Lee Nash lives in France and freelances as an editor and proofreader. Her poems have appeared in print and online journals including Acorn, Ambit, Angle, Magma, Mezzo Cammin, Orbis, Poetry Salzburg Review, Sentinel Literary Quarterly, The French Literary Review, The Heron’s Nest, and The Lake. Her first poetry chapbook, Ash Keys, has just been released from Flutter Press. You can find a selection of Lee’s poems on her website: leenashpoetry.com.
The bridge is redundant,
left to permanently soar
over the disused railway line.
You may go across or over,
though if you choose the former
there is no train to hit you.
Underneath are pensioners
throwing sticks for eager dogs,
toddlers learning to ride their tricycles.
A woman sits with her legs apart – the folds
of her sari fall sheer from her groin.
A couple have taken themselves
out of the house to broach the matter
that won’t be solved indoors –
their postures lock in an iron grid.
And nobody takes the first step. Nobody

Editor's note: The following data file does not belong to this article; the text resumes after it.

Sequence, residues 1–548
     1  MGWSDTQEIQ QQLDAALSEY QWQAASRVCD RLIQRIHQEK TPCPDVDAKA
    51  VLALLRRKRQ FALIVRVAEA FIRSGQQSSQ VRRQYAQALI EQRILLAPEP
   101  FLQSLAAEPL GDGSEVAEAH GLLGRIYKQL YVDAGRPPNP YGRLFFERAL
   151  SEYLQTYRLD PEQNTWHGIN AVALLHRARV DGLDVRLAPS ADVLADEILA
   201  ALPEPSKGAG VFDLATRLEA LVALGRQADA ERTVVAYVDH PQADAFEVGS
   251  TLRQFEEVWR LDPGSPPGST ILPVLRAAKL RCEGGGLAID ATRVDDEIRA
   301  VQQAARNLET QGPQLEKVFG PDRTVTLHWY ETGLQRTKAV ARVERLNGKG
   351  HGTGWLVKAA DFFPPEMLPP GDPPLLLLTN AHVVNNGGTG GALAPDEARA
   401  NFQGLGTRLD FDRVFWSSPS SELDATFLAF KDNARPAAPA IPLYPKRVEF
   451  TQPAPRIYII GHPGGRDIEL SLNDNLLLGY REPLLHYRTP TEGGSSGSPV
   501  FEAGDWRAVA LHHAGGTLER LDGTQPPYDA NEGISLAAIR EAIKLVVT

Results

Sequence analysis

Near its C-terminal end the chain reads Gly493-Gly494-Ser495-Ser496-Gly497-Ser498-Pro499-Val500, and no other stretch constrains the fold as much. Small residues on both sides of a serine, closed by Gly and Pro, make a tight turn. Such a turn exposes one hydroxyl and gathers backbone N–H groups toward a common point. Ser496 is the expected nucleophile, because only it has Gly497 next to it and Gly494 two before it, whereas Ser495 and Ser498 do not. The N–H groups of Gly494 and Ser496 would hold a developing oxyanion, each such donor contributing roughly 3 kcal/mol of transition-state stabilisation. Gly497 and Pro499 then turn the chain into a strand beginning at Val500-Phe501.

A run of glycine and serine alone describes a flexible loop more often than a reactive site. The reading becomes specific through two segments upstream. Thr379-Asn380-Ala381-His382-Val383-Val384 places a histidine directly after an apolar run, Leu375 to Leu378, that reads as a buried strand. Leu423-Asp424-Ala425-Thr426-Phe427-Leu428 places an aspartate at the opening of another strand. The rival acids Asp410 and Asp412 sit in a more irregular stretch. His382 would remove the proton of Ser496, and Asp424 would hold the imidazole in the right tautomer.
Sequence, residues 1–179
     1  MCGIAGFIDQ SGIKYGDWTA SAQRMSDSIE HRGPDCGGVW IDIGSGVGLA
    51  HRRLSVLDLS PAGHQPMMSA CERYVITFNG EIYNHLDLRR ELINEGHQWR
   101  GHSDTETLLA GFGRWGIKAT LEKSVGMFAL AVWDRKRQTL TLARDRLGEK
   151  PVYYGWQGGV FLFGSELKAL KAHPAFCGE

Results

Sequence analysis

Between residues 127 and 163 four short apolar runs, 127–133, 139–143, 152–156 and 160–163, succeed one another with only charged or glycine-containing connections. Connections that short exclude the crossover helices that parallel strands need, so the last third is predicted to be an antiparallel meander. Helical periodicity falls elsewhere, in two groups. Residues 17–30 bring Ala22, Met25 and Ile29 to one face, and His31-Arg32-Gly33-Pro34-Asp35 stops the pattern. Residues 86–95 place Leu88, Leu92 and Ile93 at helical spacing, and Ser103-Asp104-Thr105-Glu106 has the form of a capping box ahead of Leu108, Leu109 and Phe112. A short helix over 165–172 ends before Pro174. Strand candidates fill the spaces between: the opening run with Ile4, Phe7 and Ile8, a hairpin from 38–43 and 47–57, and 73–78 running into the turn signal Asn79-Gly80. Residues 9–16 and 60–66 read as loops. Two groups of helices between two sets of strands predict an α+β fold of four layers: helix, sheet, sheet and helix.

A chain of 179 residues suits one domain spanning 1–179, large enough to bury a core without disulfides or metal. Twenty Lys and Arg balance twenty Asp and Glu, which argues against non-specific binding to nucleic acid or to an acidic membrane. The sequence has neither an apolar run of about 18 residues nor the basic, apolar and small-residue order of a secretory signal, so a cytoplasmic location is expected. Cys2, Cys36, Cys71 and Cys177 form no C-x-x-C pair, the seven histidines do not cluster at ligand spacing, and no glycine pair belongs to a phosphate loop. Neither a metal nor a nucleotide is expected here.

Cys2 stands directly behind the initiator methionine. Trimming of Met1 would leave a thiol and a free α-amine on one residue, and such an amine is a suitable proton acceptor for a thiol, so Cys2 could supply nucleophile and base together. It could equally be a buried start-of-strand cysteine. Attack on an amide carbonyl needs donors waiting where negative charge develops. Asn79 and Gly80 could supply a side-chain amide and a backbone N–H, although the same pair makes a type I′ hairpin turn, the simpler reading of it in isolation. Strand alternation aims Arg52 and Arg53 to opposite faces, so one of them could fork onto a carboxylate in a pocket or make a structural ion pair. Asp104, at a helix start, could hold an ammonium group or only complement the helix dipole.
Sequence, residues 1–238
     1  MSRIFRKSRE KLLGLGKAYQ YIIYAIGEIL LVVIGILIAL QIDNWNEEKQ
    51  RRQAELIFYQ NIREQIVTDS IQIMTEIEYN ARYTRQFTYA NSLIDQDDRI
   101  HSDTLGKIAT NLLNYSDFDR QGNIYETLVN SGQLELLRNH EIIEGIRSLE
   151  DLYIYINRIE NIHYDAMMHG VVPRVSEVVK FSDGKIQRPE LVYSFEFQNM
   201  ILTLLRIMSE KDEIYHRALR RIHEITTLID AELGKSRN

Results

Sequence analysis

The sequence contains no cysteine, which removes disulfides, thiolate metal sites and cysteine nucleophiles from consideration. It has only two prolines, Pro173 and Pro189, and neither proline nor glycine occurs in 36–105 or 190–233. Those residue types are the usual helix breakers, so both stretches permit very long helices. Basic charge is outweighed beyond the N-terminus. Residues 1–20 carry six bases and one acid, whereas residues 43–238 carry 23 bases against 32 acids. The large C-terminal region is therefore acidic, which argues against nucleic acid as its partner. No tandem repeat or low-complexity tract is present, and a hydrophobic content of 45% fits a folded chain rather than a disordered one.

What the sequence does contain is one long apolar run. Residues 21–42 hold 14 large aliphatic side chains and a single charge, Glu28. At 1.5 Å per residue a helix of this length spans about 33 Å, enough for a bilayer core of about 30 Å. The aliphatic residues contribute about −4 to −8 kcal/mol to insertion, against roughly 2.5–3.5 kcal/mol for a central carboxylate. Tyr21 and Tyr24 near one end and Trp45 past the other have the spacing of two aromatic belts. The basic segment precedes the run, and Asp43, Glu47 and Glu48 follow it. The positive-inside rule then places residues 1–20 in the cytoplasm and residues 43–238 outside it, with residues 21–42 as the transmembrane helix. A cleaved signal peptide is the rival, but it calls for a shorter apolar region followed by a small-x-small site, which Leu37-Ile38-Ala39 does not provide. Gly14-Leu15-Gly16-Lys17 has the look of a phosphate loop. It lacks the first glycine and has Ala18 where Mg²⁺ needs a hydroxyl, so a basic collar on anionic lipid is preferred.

chooses up and further without
a reason. To do so would be folly.
The tall grasses undulate
as if in deep discussion; twisted branches
irritate the railings. I am eye level
with crows that will remember my face.
The matter worth remembering
Can you separate
the omelet and the orchid?
The eggs from the open flower?
Did the sudden sharp yap of the dog
send a white light up your spine?
If you don’t know if you’re up or down,
bottom or top –
I am charmed and strange.
To process such perceptions,
negotiate these pexa et hirsuta,
would you barter Shereshevsky’s
You could recall your life –
more than yesterday –
and integers make interesting friends.
Or would you rather recognize a face,
comprehend a metaphor,
read, perhaps interpret,
the poem that you are?